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Wednesday, July 26, 2017

PAWS: What It Is And How to Cope

If you’re a month or so into being free from drugs or alcohol and are struggling with trouble sleeping, irritability, anxiety, memory loss, and extreme cravings, you’re likely experiencing what’s known as PAWS, or post-acute withdrawal syndrome (protracted withdrawal syndrome). 

PAWS encompasses a variety of symptoms that exist after the period of acute withdrawal ceases. Some experts define it as an adjustment period during which the brain attempts to stabilize or re-organize itself without substances. Drugs linked to PAWS include alcohol, benzodiazepines, antidepressants, opioids, and stimulants.

Learning the Symptoms
PAWS symptoms can come and go and differ depending on your drug of abuse as well as the severity of damage to the brain functioning during active addiction. Below are a few symptoms common to PAWS:
  • Anxiety
  • Sleep difficulties
  • Problems with short-term memory
  • Persistent fatigue
  • Difficulty concentrating and making decisions
  • Alcohol or drug cravings
  • Impaired executive control
  • Anhedonia (the inability to feel pleasure from anything beyond use of the drug)
  • Difficulty focusing on tasks
  • Dysphoria or depression
  • Irritability
  • Unexplained physical complaints
  • Reduced interest in sex Extreme drug cravings and obsessions
Coping With PAWS
A few steps can help you better manage the symptoms of PAWS. 
  • Educate yourself: Learning to recognize the symptoms of PAWS is perhaps your best defense. This will enable you to better prepare and have a plan should these symptoms strike without warning. 
  • Exercise: Staying active is a sure-fire way to help restore balance to the brain, easing a lot of the emotional turbulence of PAWS. 
  • Identify and avoid triggers: Write down the situations, people, places, events that tend to trigger or exacerbate your symptoms. 
  • Seek support: Managing PAWS is tough and there's no reason to do it alone. Talk about your symptoms with your addiction counselors, therapist, support groups, peers or loved ones.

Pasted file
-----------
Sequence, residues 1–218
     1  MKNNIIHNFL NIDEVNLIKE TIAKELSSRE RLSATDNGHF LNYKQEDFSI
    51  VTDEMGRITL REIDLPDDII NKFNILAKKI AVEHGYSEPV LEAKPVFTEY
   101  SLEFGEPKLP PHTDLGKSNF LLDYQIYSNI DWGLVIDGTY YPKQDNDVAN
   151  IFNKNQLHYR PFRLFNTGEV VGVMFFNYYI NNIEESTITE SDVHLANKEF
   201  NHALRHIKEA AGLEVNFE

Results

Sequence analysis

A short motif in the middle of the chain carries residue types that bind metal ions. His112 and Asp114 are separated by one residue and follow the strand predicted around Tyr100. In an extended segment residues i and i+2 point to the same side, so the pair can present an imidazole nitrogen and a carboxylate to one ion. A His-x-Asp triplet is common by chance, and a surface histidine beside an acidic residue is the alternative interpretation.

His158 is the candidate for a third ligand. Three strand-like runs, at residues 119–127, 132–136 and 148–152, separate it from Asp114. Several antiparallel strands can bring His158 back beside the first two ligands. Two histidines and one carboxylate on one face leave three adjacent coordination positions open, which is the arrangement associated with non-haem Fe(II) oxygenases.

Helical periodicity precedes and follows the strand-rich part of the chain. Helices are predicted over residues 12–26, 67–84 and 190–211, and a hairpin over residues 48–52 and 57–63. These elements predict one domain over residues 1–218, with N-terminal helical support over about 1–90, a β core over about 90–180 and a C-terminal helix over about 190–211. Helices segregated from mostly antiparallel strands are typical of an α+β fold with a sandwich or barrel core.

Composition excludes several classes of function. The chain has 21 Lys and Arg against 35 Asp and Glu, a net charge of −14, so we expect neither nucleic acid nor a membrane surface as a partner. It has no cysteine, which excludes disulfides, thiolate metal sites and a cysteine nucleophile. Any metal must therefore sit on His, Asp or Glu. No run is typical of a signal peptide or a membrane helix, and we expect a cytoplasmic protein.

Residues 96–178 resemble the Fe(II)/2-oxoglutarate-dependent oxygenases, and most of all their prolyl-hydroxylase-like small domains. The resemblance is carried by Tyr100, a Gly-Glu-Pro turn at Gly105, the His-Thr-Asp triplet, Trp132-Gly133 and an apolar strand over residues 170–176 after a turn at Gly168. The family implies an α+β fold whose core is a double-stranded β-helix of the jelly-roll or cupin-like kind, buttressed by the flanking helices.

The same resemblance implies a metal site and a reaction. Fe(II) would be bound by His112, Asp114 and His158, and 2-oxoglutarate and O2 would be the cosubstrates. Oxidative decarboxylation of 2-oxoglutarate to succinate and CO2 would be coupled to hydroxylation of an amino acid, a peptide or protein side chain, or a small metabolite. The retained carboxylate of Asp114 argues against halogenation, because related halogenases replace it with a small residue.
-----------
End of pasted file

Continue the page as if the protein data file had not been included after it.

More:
• Be patient and positive: It takes time for your mind and body to heal, but remind yourself that feelings of normalcy and emotional stability will return. In the meantime, try to remain calm and relaxed and focus on the positive goals of sobriety. 
Preparing for Active Recovery
The Pines detox residence strives to stabilize your physical health, cleanse your body of toxins, and lay the groundwork for long-term sobriety success. The road ahead of you will no doubt be difficult, but supervised detox provides the support, resources, and camaraderie you need to pursue lasting recovery. To learn more, call today: 805-202-3440.


Thursday, July 13, 2017

Have You Identified Your Triggers?

An important part of rehab is learning to safeguard your sobriety once treatment ends. And this means learning to understand and identify triggers. 

This step is crucial for lasting sobriety – and it’s perhaps your best defense against relapse. Triggers are a very real part of addiction and they can’t always be avoided. 

What Is a Trigger?
Think of triggers as temptations – or people, places, things, situations, memories, or feelings that make you want to use again. For instance, does seeing an old drinking buddy make you want to drink? Or, perhaps an argument with a loved one results in a craving? The acronym “H.A.L.T.” – which stand for Hungry, Angry, Lonely or Tired – is the term used by many addiction experts to describe some common situations that spark temptation. 

Create Your Trigger Action Plan 
As part of your relapse prevention plan, it’s essential to identify your unique personal triggers.

Start by asking yourself the following questions:
  • What were you feeling the last time you had a craving?
  • What were you doing the last time you had a craving?
  • Who were you with the last time you had a craving?
  • Were you trying to numb uncomfortable feelings or negative emotions?
  • Did you feel pressured by peers or loved ones?
  • What was your stress level?
Next, you'll need to jot down your answers and come up with a plan of how to counteract these influences in healthier ways. For example, if your triggers are stress-related, you’ll need to figure out new sober ways to ease these feelings of anxiety. And don't be afraid to ask others about what has (and hasn't) worked for them.

Don't wait until it's too late. If you feel yourself slipping, take time to slow yourself down and think about what kind of triggers you may have encountered. This is also the time to lean on your support network by calling a sponsor, counselor or loved one or attending therapy or a local support group. Together, you can prevent triggers from destroying your hard-won sobriety.  

Aftercare for Lifetime Sobriety
Aftercare plans are invaluable additions to your recovery toolbox. At The Haven at Pismo, our team of addiction specialists will help you to develop relapse strategies to help you maintain sobriety once returning home. Call today: 805-202-3440.